Dim Sum @ Jaya Palace, Opposite Asia Jaya, Petaling Jaya

>> Dec 24, 2010

Before my Singapore trip, I was having dim sum a few days in a row. Fortunately, I have the decently of splitting the dim sum post to ensure reader do not get bored from consecutive posts on dim sum. Anyway, my first post is going to be on dim sum at Jaya Palace.

Jaya Palace is located opposite Asia Jaya, along that row of industrial buildings that can be seen from federal highway when traveling from Subang towards KL. Anyway, the food at Jaya Palace has been rather good (I've had dinner there a couple of times as well).


3

Steamed Prawn Dumplings

Har Gao (RM7.30) as its called in Cantonese, is actually prawn wrapped around a paper thin dumpling skin. As can be seen in the picture above, the dumpling skin was rather translucent. The prawn dumplings here were one of the better ones I've eaten. The whole point of eating a prawn dumpling is to taste the prawn and not the dumpling skin. Some places does the skin too thick though.

Salad Prawns

Salad Prawns

The Salad Prawns (RM6.80) were actually deep fried prawn dumplings (with a thicker skin). It is usually served accompanied by mayonnaise. The salad prawns were ordinary if you ask me. It wasn't bad, but there wasn't anything special about it.

Fried Carrot Cake with XO Sauce.



Fried Carrot Cake with XO Sauce

When having dim sum in Malaysia, be sure to know the difference between fried carrot cake and fried carrot cake with XO sauce. Fried carrot cake means large pieces of carrot cake deep fried till crispy. If one is after the carrot cake with bean sprouts, egg and 'chai po' (a type of Chinese salted/preserved vegetable), do remember that it is labeled as carrot cake fried with XO sauce.


The carrot cake (RM8.80) was rather good (Compared to Oriental 33 which I will be posting soon). However, the best fried carrot cake so far has to be the cake found at Grand Dorsett (formally known as Sheraton Subang).

Hokkien Mee

Hokkien Mee

Thick yellow noodles (RM24) braised in dark soy sauce and served with lard fritters. My brother refers to Hokkien mee as poison. Originally, the noodles are fried over a hot charcoal stove and then left to braise for a couple of minutes and tossed with deep fried lard fritters. Then again, some pathologist are arguing that lard is actually healthier than processed oil as lard is natural whereas processed oil is not. Processed oil can turn into trans fatty acid at a high temperature which would is a definitely risk factor for Myocardial Infarction (heart attack). The city of New York has banned the use of trans fat due to its major health consequences.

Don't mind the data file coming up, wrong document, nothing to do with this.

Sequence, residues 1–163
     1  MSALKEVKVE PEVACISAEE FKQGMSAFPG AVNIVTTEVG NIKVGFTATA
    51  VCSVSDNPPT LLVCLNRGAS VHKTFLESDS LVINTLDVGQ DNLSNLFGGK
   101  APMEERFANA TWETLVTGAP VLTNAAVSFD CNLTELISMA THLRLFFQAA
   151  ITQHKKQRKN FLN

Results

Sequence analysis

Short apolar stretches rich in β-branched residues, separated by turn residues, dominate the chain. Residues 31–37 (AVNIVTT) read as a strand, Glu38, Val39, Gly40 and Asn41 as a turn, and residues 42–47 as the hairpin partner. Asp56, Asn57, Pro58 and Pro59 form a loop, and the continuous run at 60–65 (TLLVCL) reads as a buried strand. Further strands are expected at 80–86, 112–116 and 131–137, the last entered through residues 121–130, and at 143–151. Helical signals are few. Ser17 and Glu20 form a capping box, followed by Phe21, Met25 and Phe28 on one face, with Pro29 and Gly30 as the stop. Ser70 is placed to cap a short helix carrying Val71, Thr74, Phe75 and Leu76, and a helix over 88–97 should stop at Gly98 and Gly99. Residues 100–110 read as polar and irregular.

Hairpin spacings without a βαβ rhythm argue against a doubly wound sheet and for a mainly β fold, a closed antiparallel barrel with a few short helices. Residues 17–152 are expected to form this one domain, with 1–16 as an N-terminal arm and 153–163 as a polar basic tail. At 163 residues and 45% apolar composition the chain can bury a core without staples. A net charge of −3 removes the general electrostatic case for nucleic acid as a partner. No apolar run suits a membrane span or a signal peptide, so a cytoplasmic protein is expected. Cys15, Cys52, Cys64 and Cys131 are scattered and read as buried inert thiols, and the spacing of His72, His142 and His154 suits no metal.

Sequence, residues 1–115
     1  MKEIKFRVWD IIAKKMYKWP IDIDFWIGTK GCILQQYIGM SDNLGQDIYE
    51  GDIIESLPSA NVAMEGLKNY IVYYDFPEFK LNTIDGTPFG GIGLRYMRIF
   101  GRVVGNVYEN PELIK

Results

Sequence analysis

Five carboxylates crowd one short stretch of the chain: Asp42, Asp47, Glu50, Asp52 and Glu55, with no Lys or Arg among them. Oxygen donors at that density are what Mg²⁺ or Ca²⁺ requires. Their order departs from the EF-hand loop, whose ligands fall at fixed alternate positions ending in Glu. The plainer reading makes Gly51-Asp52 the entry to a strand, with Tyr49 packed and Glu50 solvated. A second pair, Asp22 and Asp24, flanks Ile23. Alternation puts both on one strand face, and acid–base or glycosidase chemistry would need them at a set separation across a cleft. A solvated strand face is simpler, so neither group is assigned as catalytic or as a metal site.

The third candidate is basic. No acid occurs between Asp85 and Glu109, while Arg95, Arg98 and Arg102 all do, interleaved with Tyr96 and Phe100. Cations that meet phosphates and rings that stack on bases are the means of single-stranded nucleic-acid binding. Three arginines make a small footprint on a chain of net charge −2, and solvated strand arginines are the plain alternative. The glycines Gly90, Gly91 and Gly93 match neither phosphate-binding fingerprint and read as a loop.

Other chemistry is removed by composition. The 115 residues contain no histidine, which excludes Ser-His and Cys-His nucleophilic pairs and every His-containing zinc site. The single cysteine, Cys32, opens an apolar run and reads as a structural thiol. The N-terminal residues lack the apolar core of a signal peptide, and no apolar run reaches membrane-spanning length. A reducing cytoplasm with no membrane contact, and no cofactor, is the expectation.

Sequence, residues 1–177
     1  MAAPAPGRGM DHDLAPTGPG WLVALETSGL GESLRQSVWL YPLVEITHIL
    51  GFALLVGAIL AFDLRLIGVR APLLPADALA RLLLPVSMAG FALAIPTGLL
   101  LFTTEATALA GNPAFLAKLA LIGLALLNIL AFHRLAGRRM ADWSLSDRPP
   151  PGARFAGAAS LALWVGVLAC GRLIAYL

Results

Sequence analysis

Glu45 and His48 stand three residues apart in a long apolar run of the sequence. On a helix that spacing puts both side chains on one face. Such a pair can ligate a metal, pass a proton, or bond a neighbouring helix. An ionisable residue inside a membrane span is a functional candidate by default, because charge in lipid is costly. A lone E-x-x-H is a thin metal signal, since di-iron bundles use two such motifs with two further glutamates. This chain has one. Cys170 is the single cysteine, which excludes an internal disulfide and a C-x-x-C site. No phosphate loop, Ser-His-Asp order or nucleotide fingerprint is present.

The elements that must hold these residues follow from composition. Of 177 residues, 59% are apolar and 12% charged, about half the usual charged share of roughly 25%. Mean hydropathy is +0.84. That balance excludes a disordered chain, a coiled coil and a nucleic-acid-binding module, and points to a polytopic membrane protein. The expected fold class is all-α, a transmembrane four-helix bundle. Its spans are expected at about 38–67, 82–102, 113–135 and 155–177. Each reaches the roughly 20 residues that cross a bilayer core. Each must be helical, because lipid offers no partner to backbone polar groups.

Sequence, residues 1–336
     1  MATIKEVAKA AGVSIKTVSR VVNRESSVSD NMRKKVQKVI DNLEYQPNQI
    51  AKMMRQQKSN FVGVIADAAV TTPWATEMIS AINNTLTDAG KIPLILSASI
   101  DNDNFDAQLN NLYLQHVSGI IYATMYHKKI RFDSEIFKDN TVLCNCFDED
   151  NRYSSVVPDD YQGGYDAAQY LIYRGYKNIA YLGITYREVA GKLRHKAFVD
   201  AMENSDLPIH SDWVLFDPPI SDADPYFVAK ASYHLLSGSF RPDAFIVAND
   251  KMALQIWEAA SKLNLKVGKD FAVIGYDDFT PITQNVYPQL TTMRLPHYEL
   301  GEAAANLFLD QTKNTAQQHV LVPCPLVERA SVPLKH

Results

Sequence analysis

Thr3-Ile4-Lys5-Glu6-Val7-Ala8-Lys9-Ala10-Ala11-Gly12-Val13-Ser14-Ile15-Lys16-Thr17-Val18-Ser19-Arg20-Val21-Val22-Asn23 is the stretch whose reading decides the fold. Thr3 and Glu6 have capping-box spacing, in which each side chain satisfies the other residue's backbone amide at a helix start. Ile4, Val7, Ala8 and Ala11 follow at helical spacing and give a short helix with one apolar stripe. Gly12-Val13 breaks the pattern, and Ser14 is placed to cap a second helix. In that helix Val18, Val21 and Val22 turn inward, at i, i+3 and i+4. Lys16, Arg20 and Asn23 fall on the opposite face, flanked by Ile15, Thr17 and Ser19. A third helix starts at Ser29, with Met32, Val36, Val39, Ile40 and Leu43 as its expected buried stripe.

Anyway, enough digression. The noodles above were good. Retrospectively, if you compared them to the noodles at Ahwa (Jalan222), they would probably stand a chance. The noodles were served with additional lard fritters on the side (for the health conscious like me) as well as a good portion of belacan (dried prawn chili).

Braised Beef Brisket La Mien

'La Mien' with Beef Brisket

The handmade noodles (RM13.80) were served in a broth along with beef slices and briskets. The stock was rather tasty (although I am quite certain it contained some MSG). The brisket and beef slices were tendon and nice. I am usually not a big fan of noodles cooked in such manner, but I have to admit that the dish tasted rather good.

Egg Tart

Egg Tart

The egg tarts (RM5.80) had a nice flaky pastry and extremely soft and rich custard. I would rate the tart as above average (the best egg tart I've eaten in Malaysia so far is from China Court at Subang Avenue).

Steamed Pork Dumplings

Steamed 'Siew Mai'

The Siew Mai aka Pork Dumplings (RM7.30) were ordinary.

Steamed 'Xiao Loong Bao'

Steamed 'Xiao Loong Bao'

The art of making xiao loong bao is rather unique. The meat has to contain a high amount of fat and the art of folding the dumplings is something that requires time to master. The dumpling has to be wrapped to well that none of the juices emitted by the fat meat will sip out. Xiao Loong Bao is usually served with thinly sliced ginger in vinegar. The xiao loong bao served at Jaya Palace was rather ordinary. It wasn't bad, but it wasn't anything to shout about either.

All in all, Jaya Palace serves one of the better non-halal dim sum around. I would certainly be back here for more. Talk about boring character, we had dinner here on the same day as well. The purpose of our lunch trip was to place the order for the dinner dishes. However, the trip certainly was worth it as the food was good.


Non-Halal

*Opinions expressed are solely based on my personal experience

Map to Jaya Palace

Address:
The Jaya Palace Restaurant,
Ground Floor, Wisma LYL,
No 12, Jalan 51A/223,
46100 Petaling Jaya,
Selangor,
Malaysia.

Contact:
Telephone number: 03 7968 2000
Fax: 03 7956 8867

Opening hours:

Monday-Saturday 11.30am-10.30pm
Sunday & Public Holiday 10am-10.30pm

5 comments:

Baby Sumo December 24, 2010 at 6:36 AM  

I ate dinner at Jaya Palace once before also, the food here not bad.. didnt know they had dim sum also.

The best xlb I've eaten in KL is at Din Tai Fung... most of the dim sum place seem to make xlb with very thick skin. You know of any good places serving xlb other than DTF?

Tummy Rumble December 24, 2010 at 12:59 PM  

@baby sumo: maybe dragon-i? but that depends on location as well.. not that many good places..

babe_kl December 25, 2010 at 12:56 PM  

Have a blessed Christmas and a wonderfully delicious new year ahead!

Tummy Rumble December 25, 2010 at 2:27 PM  

@babe_kl: you too.. merry xmas n a happy new year..

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